What a great book. I had read other works by Dick (Blade Runner and Flow my Tears, The Policeman Said), which were both good, pleasant reads, nice and compact. Nothing too heavy, not overly deep, but I could sense there was more to this author than that. This book has confirmed my suspicions and exceeded my expectations, and so Philip K. Dick has managed to take me by surprise even when I was expecting to be surprised by this author at some point.

Before reading this book, I had no idea what I wa
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notgettingenough
I had a whole lot of fun reviewing this...

http://alittleteaalittlechat.wordpres...

But there is a serious side:

In the novel, Fred’s mind and brain are regularly tested by police department psychologists, owing to the stress of both maintaining a dual identity, and taking drugs as part of his undercover life. Dick avoids the off-the-shelf cliché’s of ink-blots and electric shocks, as the author describes realistic test scenarios and recognisable neuropsychological tests. Worryingly for Fred, the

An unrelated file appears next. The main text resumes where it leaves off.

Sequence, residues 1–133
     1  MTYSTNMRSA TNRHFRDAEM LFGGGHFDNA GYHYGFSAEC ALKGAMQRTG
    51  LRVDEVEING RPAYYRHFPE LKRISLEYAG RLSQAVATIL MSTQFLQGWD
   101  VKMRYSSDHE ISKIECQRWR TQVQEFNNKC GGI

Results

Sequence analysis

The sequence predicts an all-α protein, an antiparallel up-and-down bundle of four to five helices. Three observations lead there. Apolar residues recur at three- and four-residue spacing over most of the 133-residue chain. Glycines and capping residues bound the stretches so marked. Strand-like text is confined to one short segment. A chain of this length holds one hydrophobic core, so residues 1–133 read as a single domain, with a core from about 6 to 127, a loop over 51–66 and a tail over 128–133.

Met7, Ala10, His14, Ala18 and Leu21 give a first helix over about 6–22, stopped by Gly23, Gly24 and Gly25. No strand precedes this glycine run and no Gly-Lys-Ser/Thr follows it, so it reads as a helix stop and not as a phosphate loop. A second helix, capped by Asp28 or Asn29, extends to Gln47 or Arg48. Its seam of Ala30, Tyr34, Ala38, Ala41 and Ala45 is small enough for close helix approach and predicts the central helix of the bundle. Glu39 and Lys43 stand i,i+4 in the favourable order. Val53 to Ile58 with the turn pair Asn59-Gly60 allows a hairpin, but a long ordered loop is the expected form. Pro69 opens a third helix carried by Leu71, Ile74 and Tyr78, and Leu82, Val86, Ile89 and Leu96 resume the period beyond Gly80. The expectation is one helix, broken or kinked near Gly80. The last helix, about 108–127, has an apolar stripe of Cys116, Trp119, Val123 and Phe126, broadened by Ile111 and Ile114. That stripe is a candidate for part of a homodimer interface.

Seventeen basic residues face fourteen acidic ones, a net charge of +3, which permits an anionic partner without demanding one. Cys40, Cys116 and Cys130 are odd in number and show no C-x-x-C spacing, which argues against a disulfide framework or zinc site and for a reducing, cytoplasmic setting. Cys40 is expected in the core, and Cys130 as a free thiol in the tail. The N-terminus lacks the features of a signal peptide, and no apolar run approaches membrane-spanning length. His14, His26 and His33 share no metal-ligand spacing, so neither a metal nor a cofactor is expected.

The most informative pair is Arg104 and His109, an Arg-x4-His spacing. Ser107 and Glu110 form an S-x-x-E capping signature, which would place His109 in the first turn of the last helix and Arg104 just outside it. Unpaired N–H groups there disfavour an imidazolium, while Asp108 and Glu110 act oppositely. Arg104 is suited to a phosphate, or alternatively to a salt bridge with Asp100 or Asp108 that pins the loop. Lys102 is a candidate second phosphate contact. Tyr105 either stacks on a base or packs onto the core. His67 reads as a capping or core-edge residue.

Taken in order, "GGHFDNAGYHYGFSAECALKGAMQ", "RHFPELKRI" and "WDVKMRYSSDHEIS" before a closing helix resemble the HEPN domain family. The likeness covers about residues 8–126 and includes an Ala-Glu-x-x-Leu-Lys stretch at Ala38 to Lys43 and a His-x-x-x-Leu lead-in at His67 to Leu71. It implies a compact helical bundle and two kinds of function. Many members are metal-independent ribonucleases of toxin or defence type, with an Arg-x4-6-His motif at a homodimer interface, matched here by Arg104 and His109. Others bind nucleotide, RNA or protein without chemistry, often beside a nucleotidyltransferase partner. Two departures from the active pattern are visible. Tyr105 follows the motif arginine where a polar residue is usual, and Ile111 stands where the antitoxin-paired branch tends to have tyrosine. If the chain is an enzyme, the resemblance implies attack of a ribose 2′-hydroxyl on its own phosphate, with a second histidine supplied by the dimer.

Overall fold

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Paul
Nov 18, 2017 rated it liked it
Shelves: science-fiction
Written in the 70s and set in the 90s this is Dick’s semi-autobiographical description of drug use, abuse and addiction. It’s set in Orange County in California. The main protagonist is Bob Arctor, who lives with a group of drug users. Arctor is also an undercover police agent called Fred. Also central in this book is a drug called substance D (a new, very addictive drug also called D and Slow Death) and Fred is tasked with trying to find a way to the suppliers. Fred/Bob become increasingly blur ...more
Chloe
I've made it. I have finally reached the summit of the second Library of America collection of Philip K. Dick books, Five Novels of the 1960s & 70s. With my flag firmly planted atop the snow-capped peak of this book I can look back upon two weeks of paranoia, time travel, authoritarian governments and more experimental drugs than you can find outside of a Merck testing lab, with the self-satisfied air of a man who has plumbed the depths of speed-induced psychosis and made it through the othe ...more
Trish
May 15, 2019 rated it liked it  ·  review of another edition
Well, that was ... different.

I hadn't known (or didn't remember) that this was a story about drugs and addicts and perception and human personalities/identities. But it is. Boy, is it ever.